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May 31, 2019
Don’t put off to tomorrow what you can do today. This old adage is true for many aspects of our lives, including estate planning. Current federal estate and gift tax exclusions are set to expire in January 2026. And while this seems like ample time to put a plan in place, the reality is the laws could change before then—and the new rules may not be as favorable.
Legislators from both sides of the aisle have introduced multiple bills that range from increasing the maximum estate tax rate to 77% (currently 40%) to repealing it altogether. With three election cycles before 2026, where we ultimately wind up is anyone’s guess.
Creating and funding certain planning structures today helps eliminate this uncertainty while potentially minimizing the amount of taxes your heirs pay.
Under the present rules, few American families actually end up paying estate taxes thanks to the sizable exclusions—$11.4 million for individuals, $22.8 for married couples (2019 limits). However, this could change. Current or future legislators could decide to reduce the exemptions or get rid of them entirely. At the very least, if Congress doesn’t act, the amount you can exclude will decline dramatically in 2026. The exemptions will revert to 2017 levels, which will essentially cut them in half—$5.49 million per individual, $10.98 for married couples.
Think of it this way. Imagine the estate and gift tax exclusions are the stock of a company. The value of this stock has gone up eighteen-fold over the past twenty years, and over the past two years alone has doubled in value. A wonderful investment, indeed, but mid-term and long-term prospects for this “company” are less rosy due to many factors. What conclusion would many reasonable investors draw? It’s time to consider ways to preserve this growth. In other words, use the exclusion at its current lofty levels rather than waiting to see what future Congresses may do.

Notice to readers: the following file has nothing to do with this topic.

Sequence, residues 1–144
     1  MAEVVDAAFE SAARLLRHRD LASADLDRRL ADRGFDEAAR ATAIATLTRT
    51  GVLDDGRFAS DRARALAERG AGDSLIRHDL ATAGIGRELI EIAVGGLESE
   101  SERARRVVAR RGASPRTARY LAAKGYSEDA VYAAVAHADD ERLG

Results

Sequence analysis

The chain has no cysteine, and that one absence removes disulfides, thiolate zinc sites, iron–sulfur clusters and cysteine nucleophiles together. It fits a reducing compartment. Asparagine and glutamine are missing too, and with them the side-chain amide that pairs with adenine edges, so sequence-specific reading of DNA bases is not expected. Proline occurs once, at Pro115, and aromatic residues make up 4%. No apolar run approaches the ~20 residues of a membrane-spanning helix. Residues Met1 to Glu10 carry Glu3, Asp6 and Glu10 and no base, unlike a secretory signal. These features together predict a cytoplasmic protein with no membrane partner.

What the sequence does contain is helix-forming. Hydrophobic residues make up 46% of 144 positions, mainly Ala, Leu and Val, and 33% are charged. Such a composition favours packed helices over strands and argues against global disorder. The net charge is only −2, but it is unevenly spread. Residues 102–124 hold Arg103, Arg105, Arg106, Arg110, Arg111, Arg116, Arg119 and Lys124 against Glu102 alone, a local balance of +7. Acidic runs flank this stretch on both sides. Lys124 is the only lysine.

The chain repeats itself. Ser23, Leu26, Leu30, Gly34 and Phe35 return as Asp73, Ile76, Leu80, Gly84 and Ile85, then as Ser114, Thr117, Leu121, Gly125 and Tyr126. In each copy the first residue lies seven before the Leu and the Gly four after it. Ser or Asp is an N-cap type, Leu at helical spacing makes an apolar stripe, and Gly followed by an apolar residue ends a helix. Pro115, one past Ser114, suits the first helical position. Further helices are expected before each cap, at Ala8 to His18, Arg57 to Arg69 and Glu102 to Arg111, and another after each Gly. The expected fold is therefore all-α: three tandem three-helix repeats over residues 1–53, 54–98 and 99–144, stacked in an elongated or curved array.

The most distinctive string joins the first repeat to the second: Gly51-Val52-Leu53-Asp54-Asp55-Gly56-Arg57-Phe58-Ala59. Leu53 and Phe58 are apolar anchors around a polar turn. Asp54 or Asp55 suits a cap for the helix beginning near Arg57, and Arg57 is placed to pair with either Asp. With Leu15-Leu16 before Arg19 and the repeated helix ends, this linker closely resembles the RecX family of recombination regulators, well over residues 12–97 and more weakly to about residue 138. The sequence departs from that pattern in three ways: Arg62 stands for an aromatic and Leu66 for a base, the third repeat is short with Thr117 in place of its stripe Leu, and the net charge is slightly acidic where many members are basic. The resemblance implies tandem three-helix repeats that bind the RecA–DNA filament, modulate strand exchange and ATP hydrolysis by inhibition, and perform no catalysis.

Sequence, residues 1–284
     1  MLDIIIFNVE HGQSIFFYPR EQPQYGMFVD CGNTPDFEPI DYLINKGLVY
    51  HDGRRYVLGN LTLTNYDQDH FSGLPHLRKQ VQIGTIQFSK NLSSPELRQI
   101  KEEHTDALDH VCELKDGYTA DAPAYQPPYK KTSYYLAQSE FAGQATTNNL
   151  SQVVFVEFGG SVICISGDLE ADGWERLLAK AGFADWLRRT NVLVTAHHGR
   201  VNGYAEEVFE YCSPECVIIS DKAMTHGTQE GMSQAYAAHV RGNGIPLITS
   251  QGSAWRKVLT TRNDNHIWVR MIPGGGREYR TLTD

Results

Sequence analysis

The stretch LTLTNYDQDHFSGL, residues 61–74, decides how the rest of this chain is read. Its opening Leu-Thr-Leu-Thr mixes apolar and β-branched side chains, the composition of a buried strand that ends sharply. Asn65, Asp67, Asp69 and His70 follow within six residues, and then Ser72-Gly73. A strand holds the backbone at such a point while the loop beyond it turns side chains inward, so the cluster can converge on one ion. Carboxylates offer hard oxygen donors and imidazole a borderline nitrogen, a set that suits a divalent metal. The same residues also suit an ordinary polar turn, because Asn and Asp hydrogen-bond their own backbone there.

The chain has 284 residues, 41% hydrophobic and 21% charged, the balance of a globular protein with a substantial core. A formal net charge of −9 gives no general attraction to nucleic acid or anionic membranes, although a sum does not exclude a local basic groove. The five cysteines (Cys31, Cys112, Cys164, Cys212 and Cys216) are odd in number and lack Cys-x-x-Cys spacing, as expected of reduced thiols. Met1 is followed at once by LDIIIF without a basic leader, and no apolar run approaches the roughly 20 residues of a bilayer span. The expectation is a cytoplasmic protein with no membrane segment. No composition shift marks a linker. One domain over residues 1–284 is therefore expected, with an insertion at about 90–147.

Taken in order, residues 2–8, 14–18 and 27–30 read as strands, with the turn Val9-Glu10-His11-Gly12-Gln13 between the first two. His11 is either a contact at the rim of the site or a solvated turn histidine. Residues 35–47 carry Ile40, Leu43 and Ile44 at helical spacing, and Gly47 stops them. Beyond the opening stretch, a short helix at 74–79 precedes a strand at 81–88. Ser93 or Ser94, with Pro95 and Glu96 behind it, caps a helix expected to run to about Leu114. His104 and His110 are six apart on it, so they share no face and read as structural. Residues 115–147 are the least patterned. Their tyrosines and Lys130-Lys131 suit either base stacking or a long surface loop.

Worried about what could happen if you act now and the allowable exemptions are later reduced? Could the IRS try to “claw back” a portion of what you have transferred to your estate? The IRS has said no—nothing will be “clawed back” if the exclusion amount is lower at the time of your death. In other words, the gift “locks in” the use of the exclusion at the current level irrespective of what happens in the future.
Note: Gift tax and estate tax can be thought of as a unified system of transfer tax, with larger gifts made during life aggregated with amounts passing at death. The gap in the estate tax exclusion chart for 2010 reflects the one-year repeal of the estate tax in that year.
What, specifically, does it mean to “use the exclusion” now? Should you make outright gifts to the next generation to “lock in” the exemption? That is certainly one option, but many wealthy families prefer to set up “Dynasty Trusts” to be the recipients of these lifetime gifts.
A Dynasty Trust is an irrevocable, multigenerational trust that can continue indefinitely, benefitting successive generations of a family. The assets can be passed from one generation to the next without ever being subject to estate taxes. These trusts are sometimes referred to as “generation-skipping trusts,” which is misleading. With most Dynasty Trusts, the only thing being skipped is federal estate taxes, not people.
Once in the Dynasty Trust, assets are effectively removed from the estate tax system. Each generation can enjoy and use the funds in the trust, sheltered from claims and liabilities, and then pass the assets on to heirs free of estate taxes. Let’s look at an example.
As the owner, you retain control of the trust and make all important decisions, including whether or not to tell beneficiaries about its existence. Additionally, Dynasty Trusts offer several features that may influence your decision to create one:
If you create a Dynasty Trust today, fund the maximum excludable amount possible under current law, and give it time to grow to an even higher value, could future Congresses change the rules to take away some or all of the benefits?
Of course, anything is possible. However, it’s generally difficult to change the rules relating to a gift after it has been made. Here’s why:
This is not to say, however, that the rules in this area will not change. We know in fact that they will—on January 1, 2026, and perhaps sooner depending upon the results of elections in the intervening years. Given this, individuals and families of wealth should consider using the substantial gift exclusions currently available to fund Dynasty Trusts sooner rather than later. The benefits of planning now are invaluable.
Our planning specialists have extensive experience helping clients implement Dynasty Trusts and other wealth transfer solutions to achieve their estate planning goals and mitigate taxes. Contact one of our advisors to learn more.
Please read important disclosures here.
Paul is the Chief Planning Officer and a Partner in the New York office. He has over twenty-five years of experience in helping families create...
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